This bar finished with a strong saltiness that danced on the delicious edge of being too salty. It makes me want to dip plantain chips in chocolate for a sweet and salty snack.
While it wasn’t quite as “ethereal” as the bar’s molding promised, it was a great mix of sweet and salty flavors and soft and crunchy textures. An OM.
Category: chocolate, OM, organic, review, Vosges |
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July 23rd, 2012 by Rosa
I got this Peanut bar as a free sample from the Justin’s booth at Sweets and Snacks, along with the Dark Chocolate Peanut Butter Cups that I reviewed last Friday. The wrapper describes it as “dark chocolate, peanuts, caramel, nougat.”
The bar was a bottom layer of stiffly chewy nougat topped with peanuts and caramel, then all covered in dark chocolate. The whole bar was on the lumpy side and had an uneven texture when chewed.
The caramel top layer was softly chewy and tasted lightly sweet with a tinge of burnt sugar to the finish. The bits of peanuts were pretty ensconced in the caramel. They had an incredible roasted nuttiness to them that really elevated this treat with its fresh flavor.
The nougat layer was jaw-workingly chewy and tasted of toasty starch, a hint of marshmallow sweetness, and a dry peanut roastiness. I think there may have been peanut butter mixed into it.
I really enjoyed this treat. It wasn’t too sweet and had a wonderfully fresh peanuttiness throughout the bar that somehow made it feel more wholesome. An OM.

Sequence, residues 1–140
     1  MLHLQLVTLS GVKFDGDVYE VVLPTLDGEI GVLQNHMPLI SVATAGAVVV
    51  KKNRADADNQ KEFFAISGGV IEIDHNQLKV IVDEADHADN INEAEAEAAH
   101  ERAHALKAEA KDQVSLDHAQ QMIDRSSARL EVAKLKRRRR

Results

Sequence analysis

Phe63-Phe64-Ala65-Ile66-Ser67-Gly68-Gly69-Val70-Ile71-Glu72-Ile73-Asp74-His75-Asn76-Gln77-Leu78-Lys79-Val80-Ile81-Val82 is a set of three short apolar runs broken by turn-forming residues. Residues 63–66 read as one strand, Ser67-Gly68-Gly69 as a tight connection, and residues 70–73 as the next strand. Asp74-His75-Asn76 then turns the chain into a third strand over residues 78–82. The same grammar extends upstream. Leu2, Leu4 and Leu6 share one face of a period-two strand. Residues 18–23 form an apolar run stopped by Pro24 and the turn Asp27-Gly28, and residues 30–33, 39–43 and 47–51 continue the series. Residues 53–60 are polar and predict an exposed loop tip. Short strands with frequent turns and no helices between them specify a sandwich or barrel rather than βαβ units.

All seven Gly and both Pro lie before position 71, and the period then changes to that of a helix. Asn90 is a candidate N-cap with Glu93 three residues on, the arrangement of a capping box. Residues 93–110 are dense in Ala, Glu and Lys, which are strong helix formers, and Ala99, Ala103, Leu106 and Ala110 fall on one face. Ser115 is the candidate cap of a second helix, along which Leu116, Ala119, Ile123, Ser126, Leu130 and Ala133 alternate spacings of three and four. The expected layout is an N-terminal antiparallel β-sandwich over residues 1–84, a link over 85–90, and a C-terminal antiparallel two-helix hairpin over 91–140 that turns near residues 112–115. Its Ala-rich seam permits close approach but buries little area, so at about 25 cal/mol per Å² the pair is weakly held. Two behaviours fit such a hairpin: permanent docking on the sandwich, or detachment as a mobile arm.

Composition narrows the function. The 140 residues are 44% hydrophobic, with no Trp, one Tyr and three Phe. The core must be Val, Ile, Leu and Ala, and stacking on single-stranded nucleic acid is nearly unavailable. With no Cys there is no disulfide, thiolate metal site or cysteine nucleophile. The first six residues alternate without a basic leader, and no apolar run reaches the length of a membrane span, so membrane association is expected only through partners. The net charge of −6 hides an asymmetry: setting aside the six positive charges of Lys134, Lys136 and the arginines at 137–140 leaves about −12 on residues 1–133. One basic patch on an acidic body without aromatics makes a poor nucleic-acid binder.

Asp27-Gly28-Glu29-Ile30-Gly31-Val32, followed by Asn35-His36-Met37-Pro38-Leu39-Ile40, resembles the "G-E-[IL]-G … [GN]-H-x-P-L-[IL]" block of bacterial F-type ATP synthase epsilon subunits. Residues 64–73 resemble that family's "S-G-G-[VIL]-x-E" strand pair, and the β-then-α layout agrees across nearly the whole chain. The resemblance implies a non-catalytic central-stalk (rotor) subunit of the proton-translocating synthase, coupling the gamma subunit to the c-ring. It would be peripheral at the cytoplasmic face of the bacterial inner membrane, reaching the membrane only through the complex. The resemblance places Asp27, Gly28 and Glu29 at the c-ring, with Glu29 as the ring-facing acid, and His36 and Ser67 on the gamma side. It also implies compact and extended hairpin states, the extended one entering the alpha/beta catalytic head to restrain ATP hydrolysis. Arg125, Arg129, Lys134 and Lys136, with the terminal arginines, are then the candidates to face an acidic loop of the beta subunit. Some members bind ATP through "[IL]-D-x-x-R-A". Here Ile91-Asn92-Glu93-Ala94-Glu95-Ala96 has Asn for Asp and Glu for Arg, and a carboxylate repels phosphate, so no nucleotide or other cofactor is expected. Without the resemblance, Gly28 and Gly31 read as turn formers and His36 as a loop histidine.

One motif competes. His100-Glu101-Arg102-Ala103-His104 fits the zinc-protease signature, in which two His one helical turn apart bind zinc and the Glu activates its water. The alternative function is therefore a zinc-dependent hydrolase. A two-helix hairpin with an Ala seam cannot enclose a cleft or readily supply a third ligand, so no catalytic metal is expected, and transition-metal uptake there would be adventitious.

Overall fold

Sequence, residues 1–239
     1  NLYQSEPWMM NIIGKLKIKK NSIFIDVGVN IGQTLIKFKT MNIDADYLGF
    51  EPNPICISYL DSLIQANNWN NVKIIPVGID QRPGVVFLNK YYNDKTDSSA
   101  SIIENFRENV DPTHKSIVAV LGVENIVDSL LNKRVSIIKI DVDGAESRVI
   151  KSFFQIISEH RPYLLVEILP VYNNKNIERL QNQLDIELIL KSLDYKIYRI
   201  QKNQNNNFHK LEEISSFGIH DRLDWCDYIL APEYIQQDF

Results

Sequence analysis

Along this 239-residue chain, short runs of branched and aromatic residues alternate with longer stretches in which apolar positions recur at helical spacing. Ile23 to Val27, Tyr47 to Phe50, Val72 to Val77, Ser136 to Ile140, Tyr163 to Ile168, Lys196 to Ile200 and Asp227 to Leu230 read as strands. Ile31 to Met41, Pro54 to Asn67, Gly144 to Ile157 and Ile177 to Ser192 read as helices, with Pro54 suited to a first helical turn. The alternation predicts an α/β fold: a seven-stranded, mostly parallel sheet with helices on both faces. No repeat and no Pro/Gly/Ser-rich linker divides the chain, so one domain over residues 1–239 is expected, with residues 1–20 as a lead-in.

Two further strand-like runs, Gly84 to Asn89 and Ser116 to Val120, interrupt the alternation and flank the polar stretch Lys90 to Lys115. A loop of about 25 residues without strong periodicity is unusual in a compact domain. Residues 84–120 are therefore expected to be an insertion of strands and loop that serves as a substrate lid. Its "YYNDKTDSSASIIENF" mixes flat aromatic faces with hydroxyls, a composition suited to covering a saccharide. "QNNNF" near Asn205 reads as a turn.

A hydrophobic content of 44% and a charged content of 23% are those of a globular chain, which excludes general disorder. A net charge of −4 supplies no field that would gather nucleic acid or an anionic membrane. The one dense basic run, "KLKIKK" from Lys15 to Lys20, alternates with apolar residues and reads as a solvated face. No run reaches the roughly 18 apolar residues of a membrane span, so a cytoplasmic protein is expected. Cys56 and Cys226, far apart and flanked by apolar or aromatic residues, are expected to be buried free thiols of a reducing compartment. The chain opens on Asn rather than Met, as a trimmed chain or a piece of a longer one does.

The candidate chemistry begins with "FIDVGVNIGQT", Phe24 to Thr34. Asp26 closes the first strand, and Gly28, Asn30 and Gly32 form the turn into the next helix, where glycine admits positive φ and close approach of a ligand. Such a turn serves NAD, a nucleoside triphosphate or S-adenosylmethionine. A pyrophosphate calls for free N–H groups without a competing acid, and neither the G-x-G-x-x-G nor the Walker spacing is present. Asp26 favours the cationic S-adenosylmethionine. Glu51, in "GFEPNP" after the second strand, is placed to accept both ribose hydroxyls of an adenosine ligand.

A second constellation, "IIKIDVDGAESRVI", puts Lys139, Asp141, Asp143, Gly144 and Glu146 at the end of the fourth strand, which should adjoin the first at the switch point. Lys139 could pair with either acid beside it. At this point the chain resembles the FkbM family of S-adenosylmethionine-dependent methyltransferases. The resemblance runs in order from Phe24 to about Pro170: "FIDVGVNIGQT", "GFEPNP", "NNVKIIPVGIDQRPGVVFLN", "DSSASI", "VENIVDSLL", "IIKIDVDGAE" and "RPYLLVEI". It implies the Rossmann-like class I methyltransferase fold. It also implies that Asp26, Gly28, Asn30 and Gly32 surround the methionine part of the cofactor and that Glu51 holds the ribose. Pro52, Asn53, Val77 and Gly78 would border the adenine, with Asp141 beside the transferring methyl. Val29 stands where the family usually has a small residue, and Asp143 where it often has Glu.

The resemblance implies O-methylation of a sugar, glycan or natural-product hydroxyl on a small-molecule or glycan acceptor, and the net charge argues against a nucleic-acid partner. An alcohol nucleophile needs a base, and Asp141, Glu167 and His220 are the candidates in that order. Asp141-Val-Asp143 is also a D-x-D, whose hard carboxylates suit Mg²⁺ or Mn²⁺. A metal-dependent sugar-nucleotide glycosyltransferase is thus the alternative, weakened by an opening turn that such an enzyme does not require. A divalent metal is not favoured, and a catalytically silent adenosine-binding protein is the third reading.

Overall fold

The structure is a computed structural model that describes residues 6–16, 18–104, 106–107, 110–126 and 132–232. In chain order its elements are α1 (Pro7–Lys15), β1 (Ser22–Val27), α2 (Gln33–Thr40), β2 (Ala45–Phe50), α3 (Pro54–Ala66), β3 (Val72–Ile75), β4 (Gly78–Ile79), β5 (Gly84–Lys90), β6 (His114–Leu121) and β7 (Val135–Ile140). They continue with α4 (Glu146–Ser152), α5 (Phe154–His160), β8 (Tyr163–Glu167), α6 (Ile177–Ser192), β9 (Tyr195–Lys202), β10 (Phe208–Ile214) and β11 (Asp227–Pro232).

Category: chocolate, nuts, OM, organic, peanut butter, review |
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July 20th, 2012 by Rosa
I’ve never been an, “OMG PEANUT BUTTER!” person, so though I’ve seen Justin’s peanut butter cups at Whole Foods for ages, I’ve never felt the urge to pick up a pack. When they were being given out as free samples at Sweets and Snacks, however, I made sure to get one!
The cups came two to a pack, each sitting loosely in a little white paper cup. They were gorgeous and well-formed, with well-defined fluted edges.
The dark chocolate was creamy with a smooth melt that had a lightly fatty airy feel. It tasted of dark chocolate cocoa with a hint of fruity finish – maybe cherry?
The peanut butter in the center was quite dry with a slight grit and the occasional larger bit of not-fully-ground nut. It had a great roasted golden nuttiness and a salty finish.
While saltiness is usually a boon in a chocolate+peanut butter treat, here the salt was just a bit too heavy-handed for my taste.
Still, I really appreciated the elevated quality of the fresh-tasting peanut butter. I’m going to hunt down the milk chocolate version of these to see if the sweeter milk chocolate is a better balance for the relatively saltier peanut butter. An O for the dark chocolate version.
Category: chocolate, nuts, O, organic, peanut butter, review |
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June 29th, 2012 by Rosa